Use of plastic bags is one of the biggest problems that the city residents are dealing with. Despite formation of several policies to ban the use of plastic bags, the use of same is still going on in the city. Plastic bags not only have a colossal footprint on environment, but on human health too.
On the eve of World Environment Day, the city-based environmentalists said that the government should take steps to ban use of plastic bags and its ill-effects on human health and environment.
"Burning plastic bags is no solution. There should be a proper way to dispose-off waste," said Amarjeet Singh, an environmentalist.
He added, "We are the ones who are responsible for ourselves. Once we start getting concerned about our surroundings things will automatically start getting better." Recycled plastic bags are considered safe, but they apparently are not. Dr Surinder Gupta, secretary of National Integrated Medical Association, Ludhiana, says, "Even the recycled plastic bags can cause harmful diseases like cancer. It is because India still does not have a standardised recycling system.
The scientific processes used in recycling plastic bags have hazardous impact on human health."
Plastic bags used to store food items are another stumbling block. Dr Gupta says, "Use of plastic bags to store food can cause certain allergies and respiratory disorders." He added, "Public awareness plays a crucial role in such a scenario."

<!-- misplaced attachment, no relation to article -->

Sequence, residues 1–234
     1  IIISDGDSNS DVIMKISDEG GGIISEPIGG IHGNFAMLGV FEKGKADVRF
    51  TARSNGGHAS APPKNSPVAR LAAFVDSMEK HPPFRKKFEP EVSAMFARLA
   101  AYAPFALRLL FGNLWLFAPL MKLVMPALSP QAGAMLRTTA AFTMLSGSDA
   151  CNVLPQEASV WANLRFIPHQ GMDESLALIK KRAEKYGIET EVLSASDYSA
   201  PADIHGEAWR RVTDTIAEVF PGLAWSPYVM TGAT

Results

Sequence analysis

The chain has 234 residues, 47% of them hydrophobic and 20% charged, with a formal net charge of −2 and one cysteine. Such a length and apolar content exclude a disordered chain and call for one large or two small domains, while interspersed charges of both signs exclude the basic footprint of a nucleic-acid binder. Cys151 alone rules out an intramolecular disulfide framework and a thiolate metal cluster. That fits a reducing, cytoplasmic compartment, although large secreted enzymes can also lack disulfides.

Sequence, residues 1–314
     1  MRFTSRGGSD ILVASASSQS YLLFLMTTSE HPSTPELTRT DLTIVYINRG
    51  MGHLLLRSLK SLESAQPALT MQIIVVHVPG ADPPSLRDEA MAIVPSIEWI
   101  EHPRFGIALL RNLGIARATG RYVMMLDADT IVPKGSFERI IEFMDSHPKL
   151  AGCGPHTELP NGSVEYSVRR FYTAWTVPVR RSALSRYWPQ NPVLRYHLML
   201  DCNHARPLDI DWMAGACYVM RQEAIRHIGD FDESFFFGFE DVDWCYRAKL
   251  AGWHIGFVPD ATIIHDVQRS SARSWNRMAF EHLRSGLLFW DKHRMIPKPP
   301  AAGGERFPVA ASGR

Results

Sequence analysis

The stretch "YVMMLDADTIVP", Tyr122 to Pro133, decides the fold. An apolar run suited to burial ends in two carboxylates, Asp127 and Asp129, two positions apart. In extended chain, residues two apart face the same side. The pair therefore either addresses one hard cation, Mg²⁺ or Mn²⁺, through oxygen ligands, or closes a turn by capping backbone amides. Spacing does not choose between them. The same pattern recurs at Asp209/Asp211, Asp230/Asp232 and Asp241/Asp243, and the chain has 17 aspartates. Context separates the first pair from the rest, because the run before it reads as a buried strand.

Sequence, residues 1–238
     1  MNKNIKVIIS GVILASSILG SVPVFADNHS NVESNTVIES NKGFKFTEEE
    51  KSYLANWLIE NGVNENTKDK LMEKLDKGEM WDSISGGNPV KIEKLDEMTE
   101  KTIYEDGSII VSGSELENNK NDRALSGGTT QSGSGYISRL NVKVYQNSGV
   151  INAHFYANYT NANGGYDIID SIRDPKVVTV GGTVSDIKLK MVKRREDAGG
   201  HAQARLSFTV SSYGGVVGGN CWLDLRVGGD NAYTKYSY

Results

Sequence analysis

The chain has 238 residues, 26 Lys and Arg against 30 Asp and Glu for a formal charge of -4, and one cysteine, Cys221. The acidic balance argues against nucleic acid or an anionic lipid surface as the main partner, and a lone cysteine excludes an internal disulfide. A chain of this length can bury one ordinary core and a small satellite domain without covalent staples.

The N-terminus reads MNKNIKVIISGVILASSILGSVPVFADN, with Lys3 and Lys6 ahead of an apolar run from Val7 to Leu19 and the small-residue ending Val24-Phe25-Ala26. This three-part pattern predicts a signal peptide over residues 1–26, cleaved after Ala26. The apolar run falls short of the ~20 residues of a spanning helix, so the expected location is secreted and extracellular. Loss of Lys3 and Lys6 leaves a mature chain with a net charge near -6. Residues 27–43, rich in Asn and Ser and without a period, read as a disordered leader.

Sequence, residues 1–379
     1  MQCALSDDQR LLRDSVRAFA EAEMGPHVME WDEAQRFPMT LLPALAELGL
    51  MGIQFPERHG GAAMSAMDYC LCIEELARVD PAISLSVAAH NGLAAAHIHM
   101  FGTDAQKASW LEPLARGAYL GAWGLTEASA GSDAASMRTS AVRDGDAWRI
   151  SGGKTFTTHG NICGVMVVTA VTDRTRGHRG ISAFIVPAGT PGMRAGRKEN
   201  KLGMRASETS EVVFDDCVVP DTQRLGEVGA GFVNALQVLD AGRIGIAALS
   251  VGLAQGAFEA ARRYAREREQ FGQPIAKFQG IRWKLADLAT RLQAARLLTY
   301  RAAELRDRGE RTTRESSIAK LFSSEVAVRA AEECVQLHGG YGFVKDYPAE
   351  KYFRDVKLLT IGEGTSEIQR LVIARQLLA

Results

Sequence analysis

"If the public is aware about the consequences and take necessary steps then half of the work is done," he added.
Cloth bags are rapidly becoming popular and are even preferred by the environmental supporters and are considered to be safe and important as far as the environmental issues are concerned.
An official of Punjab Pollution Control Board said that policies were being prepared to control the use of plastic bags, but it was important to start service from home itself. It is pertinent to mention here that the state government had implemented
The Punjab Plastic Bags (Manufacture, Usage and Disposal) Control Act, prohibiting the manufacture, disposal and usage of polythene bags from virgin plastic of thickness not less than 40 micron and size not less than 8 by 12 inches and of a colour other than specified color.
On being asked about the use of polybags in city, chief environmental engineer of PPCB, Ludhiana, Gulshan Rai, said he would look into the matter and take the required steps.